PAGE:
Posted on 05 Sep 2017 by Kyle Johnson

PAX West 2017: RUINER

The Defence

Developer: Reikon Games
Publisher: Devolver Digital
Genre: Action, Indie
Platform: Consoles, PC
Review copy: Yes
Release date: 26 Sep 2017

The Prosecution

OS: Windows
CPU: Intel Core i5 2.8 GHz
AMD Athlon II X4 3.1 GHz
VGA: Nvidia GeForce 460
AMD Radeon HD 6850
HDD: 22 GB
DirectX: 11
Controller: Full
Mod Support: No
VR: No
FOV Slider: No
FPS Lock: 120+
OS: Windows
CPU: Intel Core i5 3.4 GHz
AMD FX 3.9 GHz
VGA: Nvidia GeForce 660
AMD Radeon HD 7970
HDD: 22 GB
DirectX: 11
Controller: Full
Mod Support: No
VR: No
FOV Slider: No
FPS Lock: 120+

In 2091, technology is inescapable. Years of advancement have coalesced in a post-human society where rogues and miscreants can hack and control unprotected augments, send them into murderous rampages, and generally manipulate them for their own ends. Lives in 2091 are short, violent, and full of vice.

This is RUINER, a stylish cyberpunk brawler from Poland-based Reikon Games. Aping the violence of Hotline Miami and slick movement of Hyper Light Drifter, RUINER blends a thumping soundtrack with aggressive combat, incredible visuals and a heap of classic anime inspiration. It’s much more than it initially seems, and I had the chance to chat with Benedyct Szneider on the show floor at PAX West about RUINER. Here’s a bit of what I played and talked about.

Inspired by classic anime movies and shows like Ghost in the Shell, Akira and Cowboy Bebop, RUINER is set within a fictionalized version of Bangkok called Rengkok, at the confluence of technology and humanity. The backdrop is classic cyberpunk fare, with monolithic corporations controlling technology and the dregs of humanity fighting over what little liveable space is left. The main character is a faceless man with an LED screen for a head, and a bionic arm, fighting to free his brother from the clutches of “The Boss.” You’ve been hacked a few different times by hackers with their own goals, but by and large, your main “ally” is HER, a female hacker revered by most, but with her own goals in mind.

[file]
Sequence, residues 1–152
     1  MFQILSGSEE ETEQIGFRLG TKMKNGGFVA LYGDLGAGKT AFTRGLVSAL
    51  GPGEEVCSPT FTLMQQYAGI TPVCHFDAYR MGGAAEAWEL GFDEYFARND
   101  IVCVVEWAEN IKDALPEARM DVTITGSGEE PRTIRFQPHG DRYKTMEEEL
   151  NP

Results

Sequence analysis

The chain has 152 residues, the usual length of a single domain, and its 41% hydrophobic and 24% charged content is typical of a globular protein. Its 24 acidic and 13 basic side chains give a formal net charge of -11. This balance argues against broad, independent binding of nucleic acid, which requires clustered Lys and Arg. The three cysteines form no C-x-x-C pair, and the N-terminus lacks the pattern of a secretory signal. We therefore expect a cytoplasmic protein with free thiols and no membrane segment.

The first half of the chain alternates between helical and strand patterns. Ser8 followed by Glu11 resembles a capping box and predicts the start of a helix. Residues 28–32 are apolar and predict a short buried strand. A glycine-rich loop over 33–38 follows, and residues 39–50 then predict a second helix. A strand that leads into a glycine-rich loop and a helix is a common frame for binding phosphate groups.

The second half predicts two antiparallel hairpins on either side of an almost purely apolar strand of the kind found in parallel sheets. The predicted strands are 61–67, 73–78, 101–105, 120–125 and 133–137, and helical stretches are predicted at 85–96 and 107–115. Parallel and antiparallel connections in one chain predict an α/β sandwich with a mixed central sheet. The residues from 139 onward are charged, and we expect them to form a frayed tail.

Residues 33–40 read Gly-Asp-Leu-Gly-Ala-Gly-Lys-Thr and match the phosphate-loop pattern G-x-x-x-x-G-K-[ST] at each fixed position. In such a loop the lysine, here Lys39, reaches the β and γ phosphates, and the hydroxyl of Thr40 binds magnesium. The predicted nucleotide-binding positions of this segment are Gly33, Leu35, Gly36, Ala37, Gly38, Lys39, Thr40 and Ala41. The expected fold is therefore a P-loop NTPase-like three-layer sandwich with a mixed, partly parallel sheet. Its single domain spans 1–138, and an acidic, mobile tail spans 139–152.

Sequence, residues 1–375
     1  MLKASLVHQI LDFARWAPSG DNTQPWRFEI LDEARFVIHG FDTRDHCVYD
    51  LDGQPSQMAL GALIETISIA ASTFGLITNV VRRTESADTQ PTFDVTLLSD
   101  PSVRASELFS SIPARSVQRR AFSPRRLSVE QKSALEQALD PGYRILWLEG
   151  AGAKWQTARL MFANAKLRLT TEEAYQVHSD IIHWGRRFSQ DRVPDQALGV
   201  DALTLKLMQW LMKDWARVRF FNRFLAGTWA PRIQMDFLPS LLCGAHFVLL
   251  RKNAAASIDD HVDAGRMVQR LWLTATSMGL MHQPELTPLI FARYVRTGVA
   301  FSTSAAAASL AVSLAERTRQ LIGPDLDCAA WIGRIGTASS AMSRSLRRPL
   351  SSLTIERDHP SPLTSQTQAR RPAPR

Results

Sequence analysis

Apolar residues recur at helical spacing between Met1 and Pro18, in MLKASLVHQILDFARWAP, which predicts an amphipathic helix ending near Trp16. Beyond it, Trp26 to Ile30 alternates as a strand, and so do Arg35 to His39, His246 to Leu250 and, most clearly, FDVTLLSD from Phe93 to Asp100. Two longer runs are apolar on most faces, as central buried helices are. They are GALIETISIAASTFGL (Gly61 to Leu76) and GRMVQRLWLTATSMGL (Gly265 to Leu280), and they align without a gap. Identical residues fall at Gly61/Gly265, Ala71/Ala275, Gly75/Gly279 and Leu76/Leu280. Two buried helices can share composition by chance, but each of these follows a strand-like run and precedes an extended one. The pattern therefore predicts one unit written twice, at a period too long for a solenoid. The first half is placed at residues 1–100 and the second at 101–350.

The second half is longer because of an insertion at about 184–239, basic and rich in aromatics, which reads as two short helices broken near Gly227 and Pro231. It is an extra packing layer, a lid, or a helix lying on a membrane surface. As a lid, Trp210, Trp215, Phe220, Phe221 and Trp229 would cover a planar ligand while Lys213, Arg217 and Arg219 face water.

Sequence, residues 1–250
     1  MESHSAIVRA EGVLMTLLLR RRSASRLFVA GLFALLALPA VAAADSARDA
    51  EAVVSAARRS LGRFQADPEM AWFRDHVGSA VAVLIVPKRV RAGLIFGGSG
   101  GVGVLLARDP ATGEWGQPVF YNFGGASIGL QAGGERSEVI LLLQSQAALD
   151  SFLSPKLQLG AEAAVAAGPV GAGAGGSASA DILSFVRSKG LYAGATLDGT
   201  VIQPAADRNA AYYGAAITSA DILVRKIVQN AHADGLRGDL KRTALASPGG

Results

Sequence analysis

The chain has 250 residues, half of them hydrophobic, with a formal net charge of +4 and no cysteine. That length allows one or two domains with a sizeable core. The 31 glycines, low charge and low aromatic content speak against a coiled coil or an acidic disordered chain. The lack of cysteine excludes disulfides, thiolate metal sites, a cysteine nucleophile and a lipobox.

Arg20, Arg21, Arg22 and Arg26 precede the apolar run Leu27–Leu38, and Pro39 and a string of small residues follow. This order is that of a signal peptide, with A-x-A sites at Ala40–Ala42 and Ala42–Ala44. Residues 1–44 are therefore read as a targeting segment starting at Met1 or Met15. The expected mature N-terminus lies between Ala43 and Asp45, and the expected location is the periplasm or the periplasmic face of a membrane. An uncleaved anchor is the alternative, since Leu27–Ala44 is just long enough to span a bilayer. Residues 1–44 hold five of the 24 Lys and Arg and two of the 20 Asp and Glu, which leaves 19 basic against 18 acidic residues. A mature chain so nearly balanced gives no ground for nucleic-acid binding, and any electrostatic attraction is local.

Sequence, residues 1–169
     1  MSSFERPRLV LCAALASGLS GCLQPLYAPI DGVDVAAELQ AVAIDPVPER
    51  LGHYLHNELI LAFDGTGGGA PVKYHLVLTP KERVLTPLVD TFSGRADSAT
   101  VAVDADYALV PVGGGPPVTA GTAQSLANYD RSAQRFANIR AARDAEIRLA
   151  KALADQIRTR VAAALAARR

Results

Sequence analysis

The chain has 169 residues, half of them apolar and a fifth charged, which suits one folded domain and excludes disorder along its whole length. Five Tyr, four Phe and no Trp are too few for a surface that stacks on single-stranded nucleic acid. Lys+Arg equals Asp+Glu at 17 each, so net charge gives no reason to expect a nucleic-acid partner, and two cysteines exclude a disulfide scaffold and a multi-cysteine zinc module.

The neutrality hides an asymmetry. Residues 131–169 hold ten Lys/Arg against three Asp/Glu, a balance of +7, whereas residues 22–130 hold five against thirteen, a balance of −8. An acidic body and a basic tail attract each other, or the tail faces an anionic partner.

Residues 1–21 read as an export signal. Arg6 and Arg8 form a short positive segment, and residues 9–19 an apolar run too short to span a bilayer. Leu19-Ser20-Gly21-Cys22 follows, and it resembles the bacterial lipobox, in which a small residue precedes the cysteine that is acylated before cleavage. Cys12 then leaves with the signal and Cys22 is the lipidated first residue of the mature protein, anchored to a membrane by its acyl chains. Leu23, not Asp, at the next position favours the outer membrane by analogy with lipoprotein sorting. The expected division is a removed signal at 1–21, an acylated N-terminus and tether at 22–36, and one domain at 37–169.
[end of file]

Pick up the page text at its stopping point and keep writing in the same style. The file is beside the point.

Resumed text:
Violence and pretty visuals, what else is there to ask for.

RUINER starts with a cold open into HEAVEN, a domain entirely under the control of the corporations. This is imagined as an introductory level, rife with tutorials and fairly basic enemies. Regardless, you’re taught how to do a short-range dash, link three of those dashes together simultaneously, use guns, use an energy shield, and how to make use of all the restorative stations scattered about the environment.

The demo concludes with a boss fight with one Chief Watayama who wields some nasty weapons of his own, as well as having a dash as well. Even though I was powering through the earlier enemies on the easiest difficulty, I nearly died twice to the boss, were it not for some timely pickups dropped by the corpses of his lackeys.

After the cold open/tutorial, we are dropped into the hub city, where we could either keep fighting more baddies, or explore, meeting a few fine folk who hand out quests, or get a feel for the environment. With its consistent color scheme of neon red, black and gray in the combat arenas, the colors in the city, though muted, pop against the bleak background.

When not killing, take a relaxing walks through the city.

It was in the city that we got to explore the skill trees as well. Benedyct took me on a crash course through the various skills, which were loosely broken up into three overall types: offensive, technical and passive. Offensive skills included an energy shield and a knockdown-inducing shockwave; technical skills were skills that could manipulate enemies, such as a hacking skill that temporarily made goons your allies; and passive skills meant more health, energy, dash modifiers, and more. Benedyct also showed off the radial menu, meaning that you can swap between skills on the fly, as time slows in the background.

Of course, any dystopian cyberpunk game would not be complete without 80s electronic stylings and Japanese influences. To that end Reikon brought on a number of artists to compose songs for the game, including DJ Alina, Khoven, and Susumu Hirasawa, composer for surrealist anime films Paprika and Millennium Actress. The music is powerful, and even on the noise of the show floor, it demanded attention.

Of all the games that exuded style at PAX West, RUINER is one of the standouts. The deep, engaging combat marked with cathartic violence may well make for an excellent entry into a genre criminally underexplored. RUINER launches on September 26th.


Comments (1)

Posts: 349
L Coulsen
Posted 06 Sep 2017, 07:24
I've actually been keeping an eye on this, believe it or not. Looks like my kind of thing all the more, the more I see it